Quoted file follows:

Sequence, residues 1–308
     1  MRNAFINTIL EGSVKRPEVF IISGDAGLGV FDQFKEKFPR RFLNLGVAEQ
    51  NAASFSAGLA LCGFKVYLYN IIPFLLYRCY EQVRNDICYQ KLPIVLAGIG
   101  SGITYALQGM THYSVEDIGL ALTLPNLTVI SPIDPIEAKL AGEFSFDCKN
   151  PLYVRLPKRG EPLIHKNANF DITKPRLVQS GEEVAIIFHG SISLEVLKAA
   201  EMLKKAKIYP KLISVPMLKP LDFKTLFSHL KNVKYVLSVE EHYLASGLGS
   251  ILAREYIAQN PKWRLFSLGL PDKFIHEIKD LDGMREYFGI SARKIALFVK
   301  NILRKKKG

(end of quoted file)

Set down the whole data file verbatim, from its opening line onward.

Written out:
Sequence, residues 1–308
     1  MRNAFINTIL EGSVKRPEVF IISGDAGLGV FDQFKEKFPR RFLNLGVAEQ
    51  NAASFSAGLA LCGFKVYLYN IIPFLLYRCY EQVRNDICYQ KLPIVLAGIG
   101  SGITYALQGM THYSVEDIGL ALTLPNLTVI SPIDPIEAKL AGEFSFDCKN
   151  PLYVRLPKRG EPLIHKNANF DITKPRLVQS GEEVAIIFHG SISLEVLKAA
   201  EMLKKAKIYP KLISVPMLKP LDFKTLFSHL KNVKYVLSVE EHYLASGLGS
   251  ILAREYIAQN PKWRLFSLGL PDKFIHEIKD LDGMREYFGI SARKIALFVK
   301  NILRKKKG